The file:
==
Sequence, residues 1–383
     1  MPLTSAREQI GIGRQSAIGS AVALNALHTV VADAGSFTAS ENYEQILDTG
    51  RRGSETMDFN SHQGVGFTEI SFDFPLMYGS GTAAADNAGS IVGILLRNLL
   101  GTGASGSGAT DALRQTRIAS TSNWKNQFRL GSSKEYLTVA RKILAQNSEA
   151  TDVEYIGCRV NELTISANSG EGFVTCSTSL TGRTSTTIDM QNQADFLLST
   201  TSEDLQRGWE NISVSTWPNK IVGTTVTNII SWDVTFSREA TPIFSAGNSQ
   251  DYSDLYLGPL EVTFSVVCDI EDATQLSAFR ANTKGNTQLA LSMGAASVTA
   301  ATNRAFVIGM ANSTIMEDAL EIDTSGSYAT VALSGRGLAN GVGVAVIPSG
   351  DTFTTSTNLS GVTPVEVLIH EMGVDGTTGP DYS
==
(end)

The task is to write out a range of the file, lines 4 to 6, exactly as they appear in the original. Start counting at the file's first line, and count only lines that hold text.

   101  GTGASGSGAT DALRQTRIAS TSNWKNQFRL GSSKEYLTVA RKILAQNSEA
   151  TDVEYIGCRV NELTISANSG EGFVTCSTSL TGRTSTTIDM QNQADFLLST
   201  TSEDLQRGWE NISVSTWPNK IVGTTVTNII SWDVTFSREA TPIFSAGNSQ